Which I didn't remember seeing this part at all when I was applying for my medical. Any insight of what should I do? Should I report it to FAA now? What do you guys think it will happen to me?

Thank you in advance!
 
Last edited:

MidlifeFlyer

Well-Known Member
One can't answer the question reliably without seeing the court paperwork. There are different types of deferral programs, some of which fit the FAA's definition of "conviction" and others which do not.
 

aviationvic

New Member
Thanks for responding,
My court order said:

Not be subsequently charged or convicted, after the date of this order, with any civil, criminal offense, or regulatory offense committed within the territorial limits of the above-named municipality; and not be offense in this case, against the laws of the state of Texas or the United States during the deferral period;

The part that got me worried the most was that I had pleaded no contest.
 

MidlifeFlyer

Well-Known Member
Thanks for responding,
My court order said:

Not be subsequently charged or convicted, after the date of this order, with any civil, criminal offense, or regulatory offense committed within the territorial limits of the above-named municipality; and not be offense in this case, against the laws of the state of Texas or the United States during the deferral period;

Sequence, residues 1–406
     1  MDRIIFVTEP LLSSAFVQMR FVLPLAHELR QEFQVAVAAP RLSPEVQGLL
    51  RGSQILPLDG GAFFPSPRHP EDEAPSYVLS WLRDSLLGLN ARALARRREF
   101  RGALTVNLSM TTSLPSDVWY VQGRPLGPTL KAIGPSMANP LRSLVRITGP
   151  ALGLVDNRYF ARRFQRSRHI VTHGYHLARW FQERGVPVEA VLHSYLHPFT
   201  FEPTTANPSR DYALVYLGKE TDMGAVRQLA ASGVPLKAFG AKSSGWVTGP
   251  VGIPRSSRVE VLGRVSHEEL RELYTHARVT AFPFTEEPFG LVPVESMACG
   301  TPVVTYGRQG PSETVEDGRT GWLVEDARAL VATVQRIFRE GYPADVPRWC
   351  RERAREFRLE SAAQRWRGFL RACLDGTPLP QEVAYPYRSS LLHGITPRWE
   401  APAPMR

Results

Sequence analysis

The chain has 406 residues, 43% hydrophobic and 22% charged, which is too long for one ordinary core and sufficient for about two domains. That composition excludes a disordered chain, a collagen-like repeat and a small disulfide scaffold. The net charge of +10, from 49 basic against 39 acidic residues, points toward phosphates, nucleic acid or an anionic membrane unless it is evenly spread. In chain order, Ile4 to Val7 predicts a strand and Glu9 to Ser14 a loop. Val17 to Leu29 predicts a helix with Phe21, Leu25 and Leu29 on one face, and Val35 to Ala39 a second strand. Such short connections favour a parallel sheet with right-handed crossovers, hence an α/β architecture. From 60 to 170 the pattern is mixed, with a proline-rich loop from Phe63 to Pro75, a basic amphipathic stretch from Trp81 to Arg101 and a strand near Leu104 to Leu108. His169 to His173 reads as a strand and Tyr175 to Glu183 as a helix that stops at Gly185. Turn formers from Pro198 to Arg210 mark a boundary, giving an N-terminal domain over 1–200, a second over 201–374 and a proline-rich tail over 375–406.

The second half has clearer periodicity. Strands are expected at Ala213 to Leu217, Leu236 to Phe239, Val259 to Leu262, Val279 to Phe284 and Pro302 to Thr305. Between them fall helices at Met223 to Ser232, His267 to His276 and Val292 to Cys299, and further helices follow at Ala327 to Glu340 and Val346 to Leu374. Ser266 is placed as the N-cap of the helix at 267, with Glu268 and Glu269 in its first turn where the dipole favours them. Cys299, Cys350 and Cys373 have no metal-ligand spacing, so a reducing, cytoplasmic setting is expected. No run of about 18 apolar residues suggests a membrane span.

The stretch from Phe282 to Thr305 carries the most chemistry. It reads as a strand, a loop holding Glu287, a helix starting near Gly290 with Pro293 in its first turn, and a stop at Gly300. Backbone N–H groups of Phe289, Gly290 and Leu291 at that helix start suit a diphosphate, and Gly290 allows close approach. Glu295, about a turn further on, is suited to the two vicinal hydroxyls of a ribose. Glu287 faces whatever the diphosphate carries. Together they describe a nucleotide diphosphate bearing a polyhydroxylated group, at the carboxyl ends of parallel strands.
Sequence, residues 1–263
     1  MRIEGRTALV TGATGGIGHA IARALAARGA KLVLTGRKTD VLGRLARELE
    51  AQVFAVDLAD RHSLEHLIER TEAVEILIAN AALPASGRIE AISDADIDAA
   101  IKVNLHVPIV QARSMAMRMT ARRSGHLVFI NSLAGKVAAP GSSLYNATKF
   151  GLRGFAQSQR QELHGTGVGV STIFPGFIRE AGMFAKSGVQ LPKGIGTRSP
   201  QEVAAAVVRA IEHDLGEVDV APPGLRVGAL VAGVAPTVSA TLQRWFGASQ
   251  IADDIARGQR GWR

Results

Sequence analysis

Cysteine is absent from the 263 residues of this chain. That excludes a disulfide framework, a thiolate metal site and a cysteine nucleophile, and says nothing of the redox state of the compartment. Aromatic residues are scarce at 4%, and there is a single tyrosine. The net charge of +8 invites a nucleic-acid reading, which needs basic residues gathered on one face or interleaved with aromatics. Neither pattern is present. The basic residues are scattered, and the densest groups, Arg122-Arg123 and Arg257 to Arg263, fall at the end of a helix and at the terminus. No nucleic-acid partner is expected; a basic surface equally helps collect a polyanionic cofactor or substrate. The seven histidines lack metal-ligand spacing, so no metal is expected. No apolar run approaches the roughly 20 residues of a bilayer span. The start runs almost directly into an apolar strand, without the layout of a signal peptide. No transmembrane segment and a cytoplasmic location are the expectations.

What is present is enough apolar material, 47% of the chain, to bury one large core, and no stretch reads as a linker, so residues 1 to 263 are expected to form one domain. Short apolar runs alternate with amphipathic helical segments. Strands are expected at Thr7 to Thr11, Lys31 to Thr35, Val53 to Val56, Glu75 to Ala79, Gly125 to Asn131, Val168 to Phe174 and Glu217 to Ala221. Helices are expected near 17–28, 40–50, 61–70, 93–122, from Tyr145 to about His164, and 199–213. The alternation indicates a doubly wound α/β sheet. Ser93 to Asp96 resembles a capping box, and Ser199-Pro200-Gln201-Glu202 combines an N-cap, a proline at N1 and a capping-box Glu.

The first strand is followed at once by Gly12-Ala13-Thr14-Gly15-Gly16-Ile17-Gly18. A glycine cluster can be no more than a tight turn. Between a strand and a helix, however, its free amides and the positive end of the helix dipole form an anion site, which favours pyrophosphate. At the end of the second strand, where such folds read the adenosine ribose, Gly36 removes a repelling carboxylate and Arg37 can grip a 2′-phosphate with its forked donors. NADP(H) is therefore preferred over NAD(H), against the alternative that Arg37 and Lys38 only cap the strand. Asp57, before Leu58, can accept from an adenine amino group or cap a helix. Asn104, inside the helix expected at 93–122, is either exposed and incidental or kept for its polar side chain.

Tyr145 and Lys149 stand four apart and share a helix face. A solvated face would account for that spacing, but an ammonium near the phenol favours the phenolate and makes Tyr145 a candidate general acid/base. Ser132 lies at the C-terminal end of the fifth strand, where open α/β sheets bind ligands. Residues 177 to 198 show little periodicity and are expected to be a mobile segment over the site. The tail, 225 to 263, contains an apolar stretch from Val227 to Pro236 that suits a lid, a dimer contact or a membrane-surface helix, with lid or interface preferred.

The part that got me worried the most was that I had pleaded no contest.
Really - that's not enough information. A no-contest plea doesn't end the question. What you really want is advice from someone who reviews the court file itself. There are details and nuances in deferrals which could make a difference.

Not referring to you specifically, bu a large number of the people I have dealt with through the years did not really know the legal effect of their own cases or specifically what was done. Again, not your situation, but it's no surprise that every time the NTSB has ruled on whether someone had to disclose an expunged conviction, there wasn't an expungement to begin with.

If this is question is important to you, I would strongly suggest you get a lawyer with both Texas criminal law and aviation experience to pull the file and review it.
 

aviationvic

New Member
So the judge gave me deferred disposition which: